Researchers look for clues in the blood to help solve the puzzle of Saskatchewan's high MS rates
University of Saskatchewan researchers try to uncover reasons for disease's prevalence in the Prairies
Doctors with the University of Saskatchewan are sifting through clues like blood samples, hoping to piece together the reason why multiple sclerosis is so prevalent in Canada's Prairies.
Dr. Michael Levin and Dr. Ilia Poliakov work closely as the research director and clinic director respectively at Saskatoon's MS clinic, located in City Hospital.
"I think part of my vision — and I've believed this for a long time — is I really think people with MS will help cure MS, and people help us by participating in research," said Levin.
Much of MS research has focused on inherited mutations, and how genes passed from parents to children can increase the risk of acquiring MS, says Levin.
However, he says he is more focused on researching acquired mutations, and how environmental factors may play a role in MS. A new Statistics Canada report, released just this past week, shows that Canada may have the highest prevalence of MS in the world, with Saskatchewan having among the highest rates of MS in Canada.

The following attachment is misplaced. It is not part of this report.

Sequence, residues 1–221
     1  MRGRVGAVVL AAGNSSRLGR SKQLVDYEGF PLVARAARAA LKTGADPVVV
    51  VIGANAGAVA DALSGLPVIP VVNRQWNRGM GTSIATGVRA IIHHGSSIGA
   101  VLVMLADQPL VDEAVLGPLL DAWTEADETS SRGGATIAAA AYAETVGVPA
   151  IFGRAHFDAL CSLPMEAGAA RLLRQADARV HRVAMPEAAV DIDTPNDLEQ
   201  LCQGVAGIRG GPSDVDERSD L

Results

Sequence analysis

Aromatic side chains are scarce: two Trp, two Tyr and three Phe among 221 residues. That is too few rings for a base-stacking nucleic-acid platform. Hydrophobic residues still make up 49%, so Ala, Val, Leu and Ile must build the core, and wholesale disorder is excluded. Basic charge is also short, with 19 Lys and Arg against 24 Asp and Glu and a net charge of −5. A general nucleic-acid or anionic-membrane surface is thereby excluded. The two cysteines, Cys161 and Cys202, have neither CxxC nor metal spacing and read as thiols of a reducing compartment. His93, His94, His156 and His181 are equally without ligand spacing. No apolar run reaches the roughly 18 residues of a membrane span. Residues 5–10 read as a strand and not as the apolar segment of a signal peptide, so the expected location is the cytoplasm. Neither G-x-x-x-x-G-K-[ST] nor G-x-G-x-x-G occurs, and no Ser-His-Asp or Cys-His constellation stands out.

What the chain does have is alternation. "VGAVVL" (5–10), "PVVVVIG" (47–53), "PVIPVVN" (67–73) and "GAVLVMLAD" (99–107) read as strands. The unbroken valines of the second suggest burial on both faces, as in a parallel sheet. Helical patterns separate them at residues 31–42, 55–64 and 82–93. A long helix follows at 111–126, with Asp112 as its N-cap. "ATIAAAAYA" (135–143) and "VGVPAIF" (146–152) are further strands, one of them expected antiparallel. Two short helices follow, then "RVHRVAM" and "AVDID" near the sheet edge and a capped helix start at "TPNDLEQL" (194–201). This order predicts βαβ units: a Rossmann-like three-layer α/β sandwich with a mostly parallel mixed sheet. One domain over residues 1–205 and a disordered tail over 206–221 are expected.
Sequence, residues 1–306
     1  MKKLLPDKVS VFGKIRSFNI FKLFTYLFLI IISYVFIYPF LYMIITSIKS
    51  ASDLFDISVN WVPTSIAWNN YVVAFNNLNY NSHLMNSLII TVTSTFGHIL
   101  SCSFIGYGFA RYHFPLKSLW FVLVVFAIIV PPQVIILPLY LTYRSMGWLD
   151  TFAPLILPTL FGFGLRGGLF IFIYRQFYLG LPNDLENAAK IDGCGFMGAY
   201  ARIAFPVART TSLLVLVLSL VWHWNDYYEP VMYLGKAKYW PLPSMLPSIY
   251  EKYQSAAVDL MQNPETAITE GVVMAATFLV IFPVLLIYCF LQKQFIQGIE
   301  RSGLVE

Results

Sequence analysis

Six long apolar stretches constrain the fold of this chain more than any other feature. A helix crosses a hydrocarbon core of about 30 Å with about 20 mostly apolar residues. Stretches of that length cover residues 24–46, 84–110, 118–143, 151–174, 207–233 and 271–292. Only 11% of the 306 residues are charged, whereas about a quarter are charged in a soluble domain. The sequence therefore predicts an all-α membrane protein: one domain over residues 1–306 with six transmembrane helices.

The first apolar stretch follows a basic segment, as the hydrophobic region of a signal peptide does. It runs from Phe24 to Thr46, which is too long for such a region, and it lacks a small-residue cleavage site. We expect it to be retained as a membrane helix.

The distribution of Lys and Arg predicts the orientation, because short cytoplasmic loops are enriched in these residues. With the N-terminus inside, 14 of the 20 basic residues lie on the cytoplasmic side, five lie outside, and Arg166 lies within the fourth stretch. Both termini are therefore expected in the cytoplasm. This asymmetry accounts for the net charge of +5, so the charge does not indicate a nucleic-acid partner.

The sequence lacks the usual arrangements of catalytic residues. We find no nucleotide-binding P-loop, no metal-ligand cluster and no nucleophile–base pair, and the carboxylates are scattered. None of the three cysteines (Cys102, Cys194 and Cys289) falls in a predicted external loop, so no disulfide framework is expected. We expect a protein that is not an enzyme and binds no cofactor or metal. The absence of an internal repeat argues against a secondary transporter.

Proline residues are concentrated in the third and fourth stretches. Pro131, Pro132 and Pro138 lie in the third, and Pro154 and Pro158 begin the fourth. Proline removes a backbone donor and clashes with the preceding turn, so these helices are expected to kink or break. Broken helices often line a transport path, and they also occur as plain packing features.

Here in Saskatchewan, everyone knows someone with MS directly. There's just one degree of separation. So MS really affects everybody- Dr. Michael Levin, University of Saskatchewan
"In the [United] States, we all knew of someone with MS," Levin said, noting that the prevalence of MS in the U.S. is one in 1,000, compared to rates closer to one in 300 in Canada.
"Here in Saskatchewan, everyone knows someone with MS directly. There's just one degree of separation. So, MS really affects everybody."
Sunlight, vitamin D connection
One of the factors researchers have seen that correlates with incidences of MS is lower amounts of sunlight, which results in lower amounts of vitamin D, a factor Levin says he and Poliakov are digging into further.
When they see patients, they look at a full-scale picture, including the types of attacks patients are facing and how that affects them, the environment they live in and also clues in their blood samples.
"We try to find a profile in the blood that gives us a clue to why people are getting worse ... and also a clue to the cause," he said.
With time, he says he hopes to find "hot spots" in the province with higher rates of MS, to compare to areas with lower prevalence, in helping to assess risk factors.
Neurologists tackle 'opportunity of a lifetime'
He says his other goal is to see a reduction in the time between the onset of symptoms and a diagnosis for patients, which can result in less disability. The province is better placed to improve on this measure, he says, with he and Poliakov as two neurologists dedicated to studying and treating MS.
Levin, who is originally from Philadelphia, says he counts himself fortunate to study and treat MS here, in what may very well be the epicentre of the neurological disease in Canada.
"It's really an opportunity of a lifetime."